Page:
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Tenting: 2 years apart

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1 hour ago, mrkstvns said:

There might be solutions that work though:  like have buddy pairs in most tents, but 3 scouts in one....or letting an older scout have a tent to himself. Most of the time, a solution can be found, and it's best to share the objective with the PL and SPL and let them make the call.

My understanding of the rule means that won't work. The rule says "No more than two years apart in age." It doesn't specify how many scouts in a tent. So if there is a group of scouts 11, 12 and 14 in a tent, that's still a violation of the rule just like if there was an 11 and 14 year old in the tent. 

Edited by Sentinel947

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Hammocks.  That's the only solution...hammocks

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4 minutes ago, Jameson76 said:

Hammocks.  That's the only solution...hammocks

Depends on the number of trees ... and stacked hammocks that are sharing the same tarp. :p

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8 minutes ago, Jameson76 said:

Hammocks.  That's the only solution...hammocks

Here in Texas, many of our state parks don't have trees bigger than cacti and scrub mesquite. Tough to hang a hammock.

Not really a problem though, since we just lay our bedrolls out on the ground near our horses.  Naturally, we make sure kids sleep next to kids and horses their own ages and we always have at least 2 female horses in any girl troop. 

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5 minutes ago, mrkstvns said:

Here in Texas, many of our state parks don't have trees bigger than cacti and scrub mesquite. Tough to hang a hammock.

Not really a problem though, since we just lay our bedrolls out on the ground near our horses.  Naturally, we make sure kids sleep next to kids and horses their own ages and we always have at least 2 female horses in any girl troop. 

The level of complaining if there are not good hammocking trees is epic when we camp.  Literally there is one area we have not returned to due to lack of hammock trees.  On most outings (and we camp 35 - 40 Scouts) it runs about 80% hammock

Hard part is judging the age of the trees to make sure they are compliant with various age issues, no more than 2 years apart and whatnot.  Once you cut them down and count rings, tough to use for hammocks

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34 minutes ago, mrkstvns said:

Here in Texas, many of our state parks don't have trees bigger than cacti and scrub mesquite. Tough to hang a hammock.

Not really a problem though, since we just lay our bedrolls out on the ground near our horses.  Naturally, we make sure kids sleep next to kids and horses their own ages and we always have at least 2 female horses in any girl troop. 

So ... not to be the slow guy but ... I'm assuming you're joking.  ... I'm asking because it would be really cool to regularly camp with horses.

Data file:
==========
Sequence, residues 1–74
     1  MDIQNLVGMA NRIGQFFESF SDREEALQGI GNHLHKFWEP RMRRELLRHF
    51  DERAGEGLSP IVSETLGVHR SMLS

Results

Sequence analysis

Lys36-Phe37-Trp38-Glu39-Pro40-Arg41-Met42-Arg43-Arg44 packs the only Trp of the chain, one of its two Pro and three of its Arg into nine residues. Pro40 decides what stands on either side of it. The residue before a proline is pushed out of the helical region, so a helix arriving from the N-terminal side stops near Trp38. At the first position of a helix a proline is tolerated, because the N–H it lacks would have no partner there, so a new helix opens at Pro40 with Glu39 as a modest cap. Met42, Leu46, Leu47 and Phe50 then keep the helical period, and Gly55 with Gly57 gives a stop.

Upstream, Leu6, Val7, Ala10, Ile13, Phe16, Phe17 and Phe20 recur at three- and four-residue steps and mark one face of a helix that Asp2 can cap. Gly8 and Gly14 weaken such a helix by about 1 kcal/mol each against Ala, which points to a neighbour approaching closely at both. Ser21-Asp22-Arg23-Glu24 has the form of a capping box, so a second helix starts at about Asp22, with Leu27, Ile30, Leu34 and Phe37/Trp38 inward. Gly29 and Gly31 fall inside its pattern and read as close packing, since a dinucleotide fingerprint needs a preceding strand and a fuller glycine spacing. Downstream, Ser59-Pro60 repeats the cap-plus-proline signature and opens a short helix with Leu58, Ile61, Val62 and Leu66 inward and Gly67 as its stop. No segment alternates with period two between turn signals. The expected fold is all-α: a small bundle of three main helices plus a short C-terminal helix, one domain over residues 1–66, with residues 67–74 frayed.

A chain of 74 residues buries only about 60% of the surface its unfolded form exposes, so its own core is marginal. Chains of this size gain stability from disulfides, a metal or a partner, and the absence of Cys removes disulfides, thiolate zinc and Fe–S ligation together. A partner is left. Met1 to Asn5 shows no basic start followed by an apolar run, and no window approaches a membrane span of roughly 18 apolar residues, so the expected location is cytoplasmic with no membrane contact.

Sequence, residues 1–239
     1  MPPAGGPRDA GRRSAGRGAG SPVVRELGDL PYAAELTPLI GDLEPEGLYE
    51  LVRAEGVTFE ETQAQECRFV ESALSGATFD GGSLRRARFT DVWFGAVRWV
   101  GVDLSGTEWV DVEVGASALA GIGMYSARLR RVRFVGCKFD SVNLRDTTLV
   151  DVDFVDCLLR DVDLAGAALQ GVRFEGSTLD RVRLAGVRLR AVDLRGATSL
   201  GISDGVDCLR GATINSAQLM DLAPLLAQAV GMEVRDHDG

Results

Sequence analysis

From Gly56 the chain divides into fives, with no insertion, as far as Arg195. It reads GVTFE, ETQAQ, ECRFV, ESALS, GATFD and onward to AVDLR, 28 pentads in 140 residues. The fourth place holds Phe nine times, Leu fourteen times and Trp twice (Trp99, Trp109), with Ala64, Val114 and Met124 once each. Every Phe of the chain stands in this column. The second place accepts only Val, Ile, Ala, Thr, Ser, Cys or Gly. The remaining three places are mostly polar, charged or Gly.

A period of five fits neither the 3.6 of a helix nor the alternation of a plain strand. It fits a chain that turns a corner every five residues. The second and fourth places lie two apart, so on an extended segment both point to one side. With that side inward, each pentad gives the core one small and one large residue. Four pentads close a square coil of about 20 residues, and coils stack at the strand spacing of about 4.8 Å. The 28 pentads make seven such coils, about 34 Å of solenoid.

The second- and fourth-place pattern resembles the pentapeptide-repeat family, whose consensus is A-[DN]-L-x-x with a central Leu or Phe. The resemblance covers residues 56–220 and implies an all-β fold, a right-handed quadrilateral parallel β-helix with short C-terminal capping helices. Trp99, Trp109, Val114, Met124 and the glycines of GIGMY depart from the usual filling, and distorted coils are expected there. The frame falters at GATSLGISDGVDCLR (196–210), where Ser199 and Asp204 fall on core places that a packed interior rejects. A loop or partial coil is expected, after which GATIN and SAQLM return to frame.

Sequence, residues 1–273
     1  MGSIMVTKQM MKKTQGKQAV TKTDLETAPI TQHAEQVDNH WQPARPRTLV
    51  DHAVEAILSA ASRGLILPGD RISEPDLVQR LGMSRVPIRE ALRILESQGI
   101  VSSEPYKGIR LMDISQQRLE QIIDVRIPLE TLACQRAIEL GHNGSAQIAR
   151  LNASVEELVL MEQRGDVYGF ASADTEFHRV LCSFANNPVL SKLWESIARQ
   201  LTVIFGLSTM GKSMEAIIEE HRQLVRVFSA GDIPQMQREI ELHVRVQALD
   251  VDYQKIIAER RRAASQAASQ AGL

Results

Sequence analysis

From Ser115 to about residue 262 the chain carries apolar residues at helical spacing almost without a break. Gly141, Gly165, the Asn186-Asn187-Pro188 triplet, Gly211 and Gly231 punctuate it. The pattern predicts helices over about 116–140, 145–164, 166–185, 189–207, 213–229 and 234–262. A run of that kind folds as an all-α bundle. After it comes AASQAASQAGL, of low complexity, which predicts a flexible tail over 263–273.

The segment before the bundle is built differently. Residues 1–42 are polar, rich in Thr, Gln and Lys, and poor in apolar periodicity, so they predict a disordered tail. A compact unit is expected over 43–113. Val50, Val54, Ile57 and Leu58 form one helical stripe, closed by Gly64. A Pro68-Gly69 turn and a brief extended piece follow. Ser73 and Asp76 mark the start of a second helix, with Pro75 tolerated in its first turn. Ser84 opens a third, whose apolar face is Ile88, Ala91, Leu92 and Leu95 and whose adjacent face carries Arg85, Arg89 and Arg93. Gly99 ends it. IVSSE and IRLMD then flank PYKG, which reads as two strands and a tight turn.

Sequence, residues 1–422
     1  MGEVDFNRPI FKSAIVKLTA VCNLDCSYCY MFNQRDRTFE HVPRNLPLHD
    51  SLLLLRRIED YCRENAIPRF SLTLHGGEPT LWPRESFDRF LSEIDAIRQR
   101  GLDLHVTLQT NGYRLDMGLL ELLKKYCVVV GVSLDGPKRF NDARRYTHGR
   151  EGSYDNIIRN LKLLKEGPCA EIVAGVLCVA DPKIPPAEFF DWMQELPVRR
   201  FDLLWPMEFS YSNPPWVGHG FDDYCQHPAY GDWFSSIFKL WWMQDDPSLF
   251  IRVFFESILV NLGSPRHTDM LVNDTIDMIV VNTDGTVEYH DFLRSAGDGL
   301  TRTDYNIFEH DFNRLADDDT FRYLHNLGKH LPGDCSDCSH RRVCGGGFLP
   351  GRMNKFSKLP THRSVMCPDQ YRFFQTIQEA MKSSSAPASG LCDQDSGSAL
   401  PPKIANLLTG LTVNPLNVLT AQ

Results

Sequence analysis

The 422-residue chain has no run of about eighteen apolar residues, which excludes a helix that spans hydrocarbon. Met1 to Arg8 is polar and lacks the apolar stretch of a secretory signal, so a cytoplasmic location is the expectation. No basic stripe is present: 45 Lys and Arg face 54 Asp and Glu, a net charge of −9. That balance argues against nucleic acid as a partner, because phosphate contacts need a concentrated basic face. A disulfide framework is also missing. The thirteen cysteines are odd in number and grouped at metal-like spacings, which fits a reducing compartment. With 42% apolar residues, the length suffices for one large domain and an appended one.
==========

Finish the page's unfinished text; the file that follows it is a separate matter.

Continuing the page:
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2 hours ago, Sentinel947 said:

My understanding of the rule means that won't work. The rule says "No more than two years apart in age." It doesn't specify how many scouts in a tent. So if there is a group of scouts 11, 12 and 14 in a tent, that's still a violation of the rule just like if there was an 11 and 14 year old in the tent. 

The solution to the above is to have the 14 year old tent alone, and the 11 and 12 year old in another tent.  In my boys' old troop, they had a rule that Star and above scouts could tent alone.  Most did.  That said, had I been creating the rule, I would have had it be First Class and above, but it was troop tradition long before I was an ASM there. 

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1 hour ago, fred8033 said:

So ... not to be the slow guy but ... I'm assuming you're joking.  ... I'm asking because it would be really cool to regularly camp with horses.  

I am joking...but yeah, it would be REALLY cool to camp with horses.

There's a Cavalcade trek at Philmont that lets you do just that, and close to home (for me), the Sid Richardson Scout Ranch does a horse camp, but the BEST horse adventure I'm aware of in BSA is run by Cascade Pacific Council.  They do a high adventure trek where you ride 165 miles over 8 days.  Info is here:  https://www.cpcbsa.org/horses 

 

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11 minutes ago, perdidochas said:

The solution to the above is to have the 14 year old tent alone, and the 11 and 12 year old in another tent.  In my boys' old troop, they had a rule that Star and above scouts could tent alone.  Most did.  That said, had I been creating the rule, I would have had it be First Class and above, but it was troop tradition long before I was an ASM there.